A study by WHO consultant Sophie Jullien on language and speech delays in children found that the average prevalence of isolated speech and language delays and disorders is around 6% among children between two and five years of age in the United States. Addressing speech delays among children is important to reduce their risk of developing learning and literacy disabilities, which include difficulties in reading and writing. This will also reduce their susceptibility to behavior and psychosocial adjustments that may persist into adulthood.
If children exhibit speech delays for more than six months, consulting with a speech-language pathologist is better than a wait-and-see approach. Speech-language pathologists are highly trained professionals who assess, diagnose, and treat disorders that affect speech, language, and different types of communication. Like doctors, they are required to have a strong academic foundation and plenty of practical experience before becoming certified speech-language pathologists. Most speech-language pathologists work in educational settings where they can teach and assist young children with speech delays and disorders.
Although therapeutic treatments with speech-language therapists are indispensable in diagnosing and treating speech delays, parents can reduce their children’s risk of long-term speech delays by talking and reading books to them.
Shared Reading Promotes the Development of Phonological Awareness
Family journalist Sherri Gordon discussed how reading books to babies and children can promote your child’s early language development. Even if babies cannot speak back to their parents yet, they’re already learning the sounds of language through hearing. The more you read to your children, the more they recognize the sounds and patterns of the spoken language, which helps with the development of their phonological awareness.
Phonological awareness is an important skill that helps a child to identify rhyming words and syllables and use prefixes and suffixes. If children lack the ability to distinguish speech sounds, they may encounter difficulties in speaking and perceiving the difference between similar sounds like m and n, which can cause unclear speech. In extreme cases, this can cause speech impediments and delays. This is why shared book reading interventions, where you read a book to your child, can help them become familiarized with how words are spoken through your example.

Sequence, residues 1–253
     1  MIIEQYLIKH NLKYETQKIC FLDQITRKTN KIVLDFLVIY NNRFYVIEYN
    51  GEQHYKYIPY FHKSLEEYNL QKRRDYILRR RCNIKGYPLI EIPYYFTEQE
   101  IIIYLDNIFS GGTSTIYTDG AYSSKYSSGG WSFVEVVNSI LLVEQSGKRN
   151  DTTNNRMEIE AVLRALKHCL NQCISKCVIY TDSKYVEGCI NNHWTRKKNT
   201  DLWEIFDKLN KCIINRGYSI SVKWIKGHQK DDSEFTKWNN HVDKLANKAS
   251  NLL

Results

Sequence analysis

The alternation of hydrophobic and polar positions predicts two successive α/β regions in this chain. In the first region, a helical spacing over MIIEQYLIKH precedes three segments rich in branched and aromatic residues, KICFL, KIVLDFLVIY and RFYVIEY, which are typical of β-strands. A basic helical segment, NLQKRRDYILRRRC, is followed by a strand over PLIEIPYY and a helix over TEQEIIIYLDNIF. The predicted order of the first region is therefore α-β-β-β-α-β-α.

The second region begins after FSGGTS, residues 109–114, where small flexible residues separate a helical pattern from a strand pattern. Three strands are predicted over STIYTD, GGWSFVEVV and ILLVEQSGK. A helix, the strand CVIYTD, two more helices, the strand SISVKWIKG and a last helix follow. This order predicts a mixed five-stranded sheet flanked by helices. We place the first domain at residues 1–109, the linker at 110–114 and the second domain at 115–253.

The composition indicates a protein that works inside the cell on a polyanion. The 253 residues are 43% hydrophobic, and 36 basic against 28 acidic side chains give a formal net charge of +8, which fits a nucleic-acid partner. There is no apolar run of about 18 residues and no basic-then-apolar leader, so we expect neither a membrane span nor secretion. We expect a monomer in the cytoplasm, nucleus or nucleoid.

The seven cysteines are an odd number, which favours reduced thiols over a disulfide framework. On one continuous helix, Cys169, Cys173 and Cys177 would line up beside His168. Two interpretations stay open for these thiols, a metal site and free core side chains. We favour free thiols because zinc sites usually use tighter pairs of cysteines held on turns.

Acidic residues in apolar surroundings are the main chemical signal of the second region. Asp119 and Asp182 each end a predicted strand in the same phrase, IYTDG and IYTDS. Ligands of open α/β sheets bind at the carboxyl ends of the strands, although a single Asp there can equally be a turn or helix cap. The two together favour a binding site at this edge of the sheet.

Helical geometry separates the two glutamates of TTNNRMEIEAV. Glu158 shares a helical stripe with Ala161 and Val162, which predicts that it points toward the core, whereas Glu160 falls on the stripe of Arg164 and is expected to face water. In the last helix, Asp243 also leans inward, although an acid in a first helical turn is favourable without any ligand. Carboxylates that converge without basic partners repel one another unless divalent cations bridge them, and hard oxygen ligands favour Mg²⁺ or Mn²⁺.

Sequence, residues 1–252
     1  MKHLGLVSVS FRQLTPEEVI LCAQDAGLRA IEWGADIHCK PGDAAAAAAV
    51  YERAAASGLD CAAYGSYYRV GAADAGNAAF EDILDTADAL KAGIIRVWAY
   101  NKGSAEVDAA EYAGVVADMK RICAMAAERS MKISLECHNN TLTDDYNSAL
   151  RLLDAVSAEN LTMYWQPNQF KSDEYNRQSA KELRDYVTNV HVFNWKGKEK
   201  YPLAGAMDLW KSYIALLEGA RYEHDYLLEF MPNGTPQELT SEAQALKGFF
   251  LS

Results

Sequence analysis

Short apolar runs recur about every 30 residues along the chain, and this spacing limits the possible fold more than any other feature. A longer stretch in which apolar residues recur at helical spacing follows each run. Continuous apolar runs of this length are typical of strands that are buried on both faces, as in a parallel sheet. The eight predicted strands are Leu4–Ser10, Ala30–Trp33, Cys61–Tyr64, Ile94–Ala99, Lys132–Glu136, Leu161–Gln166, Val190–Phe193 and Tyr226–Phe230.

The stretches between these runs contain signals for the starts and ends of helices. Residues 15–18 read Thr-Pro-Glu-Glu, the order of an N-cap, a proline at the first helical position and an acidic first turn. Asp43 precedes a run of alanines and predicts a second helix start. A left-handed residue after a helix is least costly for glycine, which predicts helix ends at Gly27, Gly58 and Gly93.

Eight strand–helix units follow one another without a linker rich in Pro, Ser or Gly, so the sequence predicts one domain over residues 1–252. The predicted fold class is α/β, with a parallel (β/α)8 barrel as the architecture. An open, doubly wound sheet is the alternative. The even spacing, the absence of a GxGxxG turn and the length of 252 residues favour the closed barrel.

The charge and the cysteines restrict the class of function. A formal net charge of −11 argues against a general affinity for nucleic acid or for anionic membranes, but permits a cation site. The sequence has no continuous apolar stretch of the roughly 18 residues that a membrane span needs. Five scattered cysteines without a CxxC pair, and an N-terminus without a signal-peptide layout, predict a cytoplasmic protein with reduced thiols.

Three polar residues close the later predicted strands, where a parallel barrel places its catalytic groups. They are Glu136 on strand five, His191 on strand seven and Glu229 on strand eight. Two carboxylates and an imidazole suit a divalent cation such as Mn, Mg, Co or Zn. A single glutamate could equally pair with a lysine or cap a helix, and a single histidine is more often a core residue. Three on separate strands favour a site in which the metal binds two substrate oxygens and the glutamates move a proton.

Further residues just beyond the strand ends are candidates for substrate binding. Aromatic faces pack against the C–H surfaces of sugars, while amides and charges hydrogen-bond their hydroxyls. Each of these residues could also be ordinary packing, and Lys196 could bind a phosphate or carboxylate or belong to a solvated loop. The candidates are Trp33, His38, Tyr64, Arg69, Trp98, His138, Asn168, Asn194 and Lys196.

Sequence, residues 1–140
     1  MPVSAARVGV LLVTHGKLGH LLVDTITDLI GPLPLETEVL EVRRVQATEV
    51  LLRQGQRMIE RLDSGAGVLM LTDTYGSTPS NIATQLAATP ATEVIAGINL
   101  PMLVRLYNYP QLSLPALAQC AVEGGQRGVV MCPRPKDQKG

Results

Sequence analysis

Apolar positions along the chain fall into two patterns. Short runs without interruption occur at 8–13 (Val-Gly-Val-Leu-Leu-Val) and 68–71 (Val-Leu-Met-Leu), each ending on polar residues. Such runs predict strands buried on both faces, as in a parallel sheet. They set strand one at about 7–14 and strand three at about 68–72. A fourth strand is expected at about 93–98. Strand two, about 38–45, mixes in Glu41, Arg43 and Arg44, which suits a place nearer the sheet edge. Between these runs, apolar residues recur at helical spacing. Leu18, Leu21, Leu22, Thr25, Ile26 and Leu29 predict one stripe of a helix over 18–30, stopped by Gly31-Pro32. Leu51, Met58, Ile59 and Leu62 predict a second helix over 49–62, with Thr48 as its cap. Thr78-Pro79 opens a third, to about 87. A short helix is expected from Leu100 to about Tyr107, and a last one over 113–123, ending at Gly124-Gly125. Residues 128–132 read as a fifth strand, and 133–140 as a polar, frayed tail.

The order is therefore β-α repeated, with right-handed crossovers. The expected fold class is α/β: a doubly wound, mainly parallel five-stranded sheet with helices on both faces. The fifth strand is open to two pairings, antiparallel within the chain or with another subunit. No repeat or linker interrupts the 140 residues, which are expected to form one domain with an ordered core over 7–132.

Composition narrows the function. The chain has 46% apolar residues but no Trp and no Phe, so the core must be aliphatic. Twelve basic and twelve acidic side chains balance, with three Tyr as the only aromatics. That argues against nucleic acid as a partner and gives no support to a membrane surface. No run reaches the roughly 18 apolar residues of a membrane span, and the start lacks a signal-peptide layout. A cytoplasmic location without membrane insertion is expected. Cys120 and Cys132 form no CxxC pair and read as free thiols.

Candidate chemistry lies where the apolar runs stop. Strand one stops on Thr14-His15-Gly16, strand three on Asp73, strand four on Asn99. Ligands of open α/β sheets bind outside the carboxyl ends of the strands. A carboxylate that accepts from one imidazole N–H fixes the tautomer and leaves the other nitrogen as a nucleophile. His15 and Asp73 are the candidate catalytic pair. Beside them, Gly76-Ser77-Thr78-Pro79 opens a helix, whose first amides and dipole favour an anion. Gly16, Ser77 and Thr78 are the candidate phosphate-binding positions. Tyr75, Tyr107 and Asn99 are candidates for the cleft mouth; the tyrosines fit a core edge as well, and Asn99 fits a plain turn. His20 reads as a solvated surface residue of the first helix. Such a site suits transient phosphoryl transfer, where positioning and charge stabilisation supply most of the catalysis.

To practice this, you can read the same book over and over again since repetition can assist with language development. You can also specifically use books with rhymes or songs because it will allow them to remember these words more, and it's a perfect way to keep your child engaged. For School-Age Children, you can ask them questions about what happened in the story to practice their ability to put words into coherent sentences, as well as learn the proper pronunciation. By developing phonological awareness through shared reading, children will feel less frustrated when pronouncing similar sounding words that help them in overcoming their speech delays.
Reading Aloud Allows Them to Practice With Words
Our previous post on dysfluent speech discussed how it's normal for children between the ages of 18 months to five years of age to exhibit difficulties in speech since this is the time when they are rapidly acquiring and learning a new language. Therefore, it's the perfect time to assist them in their language skills to help them develop their speech and prevent any speech delays. Reading to your child is only one way for them to learn words and speech sounds. Encouraging your child to read a book aloud can greatly improve their communication skills since they're putting their knowledge of speech sounds and pronunciation into practice.
When you ask your child to read aloud, they are focused on speaking and trying out the words on their own instead of individually putting words together, which may be difficult for them at the moment. This will help them slowly practice their speech and pronunciation even if they make mistakes. To help your children when reading aloud, start with books that use short sentences or phrases first. You should also tell them that it's okay if they're reading words slowly since it allows them to emphasize the words they're reading. Lastly, don't give up. If you show your child that you feel defeated because of their speech impediment, they'll start losing confidence as well.
Sometimes giving your child the opportunity to talk is one simple way you can help them rectify their speech problems. Aside from eliminating their stuttering, encouraging them to read aloud can also boost their confidence to speak and express themselves.